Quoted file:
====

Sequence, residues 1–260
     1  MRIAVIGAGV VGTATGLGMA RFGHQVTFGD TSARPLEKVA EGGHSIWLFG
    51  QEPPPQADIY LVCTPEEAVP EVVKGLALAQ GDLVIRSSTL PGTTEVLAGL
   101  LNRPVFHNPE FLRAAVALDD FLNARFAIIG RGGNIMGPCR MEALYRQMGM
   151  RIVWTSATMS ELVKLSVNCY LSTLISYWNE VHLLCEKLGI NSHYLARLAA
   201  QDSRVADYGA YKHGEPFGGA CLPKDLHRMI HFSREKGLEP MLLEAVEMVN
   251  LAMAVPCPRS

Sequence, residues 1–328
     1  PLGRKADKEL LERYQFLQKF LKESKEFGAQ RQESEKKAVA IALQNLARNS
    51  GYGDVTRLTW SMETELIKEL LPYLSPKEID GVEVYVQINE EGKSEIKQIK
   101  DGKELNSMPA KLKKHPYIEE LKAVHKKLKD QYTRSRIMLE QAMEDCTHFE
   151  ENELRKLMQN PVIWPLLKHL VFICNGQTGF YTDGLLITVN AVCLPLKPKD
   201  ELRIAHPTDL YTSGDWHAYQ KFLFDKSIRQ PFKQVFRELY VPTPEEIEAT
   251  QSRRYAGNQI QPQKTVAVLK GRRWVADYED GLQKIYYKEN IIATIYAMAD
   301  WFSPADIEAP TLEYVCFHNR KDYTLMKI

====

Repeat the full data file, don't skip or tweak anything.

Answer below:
Sequence, residues 1–260
     1  MRIAVIGAGV VGTATGLGMA RFGHQVTFGD TSARPLEKVA EGGHSIWLFG
    51  QEPPPQADIY LVCTPEEAVP EVVKGLALAQ GDLVIRSSTL PGTTEVLAGL
   101  LNRPVFHNPE FLRAAVALDD FLNARFAIIG RGGNIMGPCR MEALYRQMGM
   151  RIVWTSATMS ELVKLSVNCY LSTLISYWNE VHLLCEKLGI NSHYLARLAA
   201  QDSRVADYGA YKHGEPFGGA CLPKDLHRMI HFSREKGLEP MLLEAVEMVN
   251  LAMAVPCPRS

Sequence, residues 1–328
     1  PLGRKADKEL LERYQFLQKF LKESKEFGAQ RQESEKKAVA IALQNLARNS
    51  GYGDVTRLTW SMETELIKEL LPYLSPKEID GVEVYVQINE EGKSEIKQIK
   101  DGKELNSMPA KLKKHPYIEE LKAVHKKLKD QYTRSRIMLE QAMEDCTHFE
   151  ENELRKLMQN PVIWPLLKHL VFICNGQTGF YTDGLLITVN AVCLPLKPKD
   201  ELRIAHPTDL YTSGDWHAYQ KFLFDKSIRQ PFKQVFRELY VPTPEEIEAT
   251  QSRRYAGNQI QPQKTVAVLK GRRWVADYED GLQKIYYKEN IIATIYAMAD
   301  WFSPADIEAP TLEYVCFHNR KDYTLMKI